The 10 Current Scent Trademarks Currently Recognized by the U.S. Patent Office


Though the United States Patent and Trademark Office lets you trademark a scent, few have taken them up on the offer. Millions of conventional trademarks (logos, slogans, etc.) have been registered, but the government's filings on their olfactory counterparts could barely fill a three-ring binder—by our count, there are less than a dozen active trademarked scents.

The first trademarked smell in the U.S. was a plumeria blossom-scented embroidery thread, and it was issued in 1990. California company OSEWEZ (pronounced "Oh Sew Easy") was able to obtain the distinction after successfully arguing for it in front of the Trademark Trial and Appeal Board, opening the door to future scent trademarks. (OSEWEZ's plumeria thread trademark has since lapsed.)

That such a small number of these trademarks have been issued is due in part to the somewhat surprising reasoning behind what smells qualify. According to The Wall Street Journal, "In the U.S., you have to show that a fragrance serves no important practical function other than to help identify and distinguish a brand." This means that a product whose purpose is only smell-related—like perfume or air fresheners—cannot receive the protection of a scent trademark.

Also, trademark applications have to be smelled by a government examiner, so samples must be provided. As a U.S. trademark official told The Wall Street Journal, "If an examiner’s nose isn’t working, the attorney would have to find a supervisor to do the sniffing."

"The difficulty in registering a scent mark on the Principal Register appears to have deterred applicants from filing scent mark applications in the United States," explains the International Trademark Association.

Other countries are stricter still. There are no current scent trademarks registered with the EU. Australia has granted only one (for a brand of eucalyptus-scented golf tee), and the UK has two registered smell trademarks, both successfully applied for in 1994: dart feathers that smell like bitter beer, and “a floral fragrance/scent reminiscent of roses as applied to tyres” for road vehicles.

Our search of the U.S. Patent and Trademark Office uncovered only 10 active registered scent trademarks. One application for an orange-scented chemical used in fracking is still open and received some press attention earlier this year, but the company responsible for it seems to be letting the request lapse.

The following scents don't necessarily smell better than normal aromas—they just have better lawyers.


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Reg. 4618936

Verizon plans to pump this trademarked scent into their larger, "marquee" retail stores. Their application argues that the smell would help distinguish these locations from "other communications and consumer electronics retailers in an increasingly crowded field." It became an official trademark on October 7, 2014.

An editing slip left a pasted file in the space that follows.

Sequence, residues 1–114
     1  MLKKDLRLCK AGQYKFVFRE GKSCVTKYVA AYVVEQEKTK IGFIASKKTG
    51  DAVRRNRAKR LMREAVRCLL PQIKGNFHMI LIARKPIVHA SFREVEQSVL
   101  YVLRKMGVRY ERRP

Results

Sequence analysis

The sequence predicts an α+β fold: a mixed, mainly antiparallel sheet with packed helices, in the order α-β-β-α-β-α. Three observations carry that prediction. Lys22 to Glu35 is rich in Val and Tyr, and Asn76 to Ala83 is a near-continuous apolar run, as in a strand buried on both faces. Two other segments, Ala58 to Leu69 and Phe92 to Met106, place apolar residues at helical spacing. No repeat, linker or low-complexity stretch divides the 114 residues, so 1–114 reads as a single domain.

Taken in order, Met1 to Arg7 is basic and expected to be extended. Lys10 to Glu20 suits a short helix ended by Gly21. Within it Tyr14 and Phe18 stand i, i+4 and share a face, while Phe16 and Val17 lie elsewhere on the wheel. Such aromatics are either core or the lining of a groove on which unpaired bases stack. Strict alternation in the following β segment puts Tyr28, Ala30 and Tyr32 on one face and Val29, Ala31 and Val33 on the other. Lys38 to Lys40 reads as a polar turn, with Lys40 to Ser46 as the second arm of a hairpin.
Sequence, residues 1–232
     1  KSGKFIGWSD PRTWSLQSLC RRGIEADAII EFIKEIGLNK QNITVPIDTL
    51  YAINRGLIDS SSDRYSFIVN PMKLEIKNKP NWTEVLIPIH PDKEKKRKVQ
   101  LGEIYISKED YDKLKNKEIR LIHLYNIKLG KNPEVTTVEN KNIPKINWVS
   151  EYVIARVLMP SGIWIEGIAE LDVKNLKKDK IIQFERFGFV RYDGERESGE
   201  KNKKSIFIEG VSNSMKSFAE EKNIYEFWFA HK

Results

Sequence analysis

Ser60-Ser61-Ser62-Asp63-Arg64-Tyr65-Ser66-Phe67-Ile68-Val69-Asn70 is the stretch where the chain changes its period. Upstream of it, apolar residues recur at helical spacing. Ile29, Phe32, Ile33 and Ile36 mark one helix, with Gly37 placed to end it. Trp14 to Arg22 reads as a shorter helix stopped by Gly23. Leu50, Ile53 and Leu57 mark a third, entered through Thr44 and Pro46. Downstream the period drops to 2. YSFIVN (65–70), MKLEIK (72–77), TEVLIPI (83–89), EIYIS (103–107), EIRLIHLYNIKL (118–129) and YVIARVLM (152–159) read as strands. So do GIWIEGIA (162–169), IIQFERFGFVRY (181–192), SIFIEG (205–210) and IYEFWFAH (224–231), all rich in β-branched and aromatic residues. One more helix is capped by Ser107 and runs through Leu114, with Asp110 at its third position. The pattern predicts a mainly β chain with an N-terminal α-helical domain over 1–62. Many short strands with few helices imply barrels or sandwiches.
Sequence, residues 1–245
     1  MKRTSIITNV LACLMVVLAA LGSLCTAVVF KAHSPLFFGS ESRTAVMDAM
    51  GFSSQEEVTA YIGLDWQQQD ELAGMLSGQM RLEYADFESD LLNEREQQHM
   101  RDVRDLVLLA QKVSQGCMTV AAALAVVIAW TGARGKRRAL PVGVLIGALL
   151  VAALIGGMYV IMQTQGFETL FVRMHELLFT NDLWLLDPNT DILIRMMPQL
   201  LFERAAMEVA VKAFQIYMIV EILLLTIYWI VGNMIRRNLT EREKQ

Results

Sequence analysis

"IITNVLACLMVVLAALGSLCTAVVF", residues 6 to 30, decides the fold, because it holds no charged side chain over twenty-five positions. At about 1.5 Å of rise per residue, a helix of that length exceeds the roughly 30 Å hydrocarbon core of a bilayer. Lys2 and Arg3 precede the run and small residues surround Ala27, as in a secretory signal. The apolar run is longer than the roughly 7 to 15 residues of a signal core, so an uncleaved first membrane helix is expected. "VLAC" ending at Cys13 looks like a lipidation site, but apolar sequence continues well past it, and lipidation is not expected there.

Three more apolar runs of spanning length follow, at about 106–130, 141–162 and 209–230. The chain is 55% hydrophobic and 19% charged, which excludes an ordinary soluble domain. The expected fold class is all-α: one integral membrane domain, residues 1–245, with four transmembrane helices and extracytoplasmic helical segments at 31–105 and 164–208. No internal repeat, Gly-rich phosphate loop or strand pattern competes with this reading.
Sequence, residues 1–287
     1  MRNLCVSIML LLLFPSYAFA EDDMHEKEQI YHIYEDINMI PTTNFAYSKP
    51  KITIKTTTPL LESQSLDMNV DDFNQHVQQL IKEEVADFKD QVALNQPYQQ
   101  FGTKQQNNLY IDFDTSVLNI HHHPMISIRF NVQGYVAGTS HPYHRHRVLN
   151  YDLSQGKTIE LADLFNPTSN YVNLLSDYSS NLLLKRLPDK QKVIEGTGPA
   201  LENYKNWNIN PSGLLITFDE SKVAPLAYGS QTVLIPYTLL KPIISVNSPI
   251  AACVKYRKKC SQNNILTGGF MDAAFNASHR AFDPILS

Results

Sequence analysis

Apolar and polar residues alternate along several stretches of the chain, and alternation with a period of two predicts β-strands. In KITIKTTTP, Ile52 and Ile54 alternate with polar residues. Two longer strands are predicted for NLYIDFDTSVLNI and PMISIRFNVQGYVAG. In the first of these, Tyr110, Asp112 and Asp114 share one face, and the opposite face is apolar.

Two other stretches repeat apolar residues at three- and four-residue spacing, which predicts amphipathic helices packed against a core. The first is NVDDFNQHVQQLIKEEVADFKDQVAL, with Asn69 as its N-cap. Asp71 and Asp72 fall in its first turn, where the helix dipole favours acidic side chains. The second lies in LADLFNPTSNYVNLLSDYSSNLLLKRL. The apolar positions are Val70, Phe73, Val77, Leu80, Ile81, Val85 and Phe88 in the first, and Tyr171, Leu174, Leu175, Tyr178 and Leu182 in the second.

Reg. 4754435

Brazilian footwear company Grendene successfully trademarked their line of bubble gum-scented jelly sandals in June, 2015. To do this, they sent the Commissioner for Trademarks an example for consideration, along with the attached note: “The applicant … respectfully submits the enclosed sandal as evidence.”


Reg. 4144511

The Eddy Finn Ukulele Co. fought for the right to trademark the piña colada smell that they apply to one of their ukulele models. They won the trademark, but wound up facing problems with the product itself. According to The Wall Street Journal, "Ukuleles shipped overseas lost their scent during the voyage … so by the time their international customers plucked them, they just smelled like ukuleles."


Reg. 4113191

Footwear chain Flip Flop Shops received a trademark for the coconut aroma they pump into their retail locations. Their application included pages and pages of press releases arguing that the scent was a key part of their brand. "Approaching from 15 feet away," one example reads, "coconut suntan oil scent and active lifestyle inspired music begins to tickle the senses and excite the toes of likely customers."

Flip Flop Shops co-owner Darin Kraetsch is a fan of many sensory experiences, it seems. "Believe me, if they had an edible flip-flop, we’d have it," he said in an interview (also included in their trademark application).


U.S. Patent and Trademark Office

Reg. 3849102

This trademark is extra unique in that it was issued to an individual and not a company. The applicant, a Bulgarian citizen, and his lawyer successfully argued for the right to trademark rose-scented marketing materials by astutely playing to the U.S. Patent and Trademark Office's guidelines for a scent's non-functionality:

“This odor may be impregnated into promotional items such as hand wipes or soaps, or may be created by the application of geraniol to the packaging or advertising associated with promotional items which may have no odor, or may have a different odor, of their own.”

For his example, he sent in a rose-scented hand wipe packaged inside a jewelry store advertisement (pictured above).


Reg. 3589348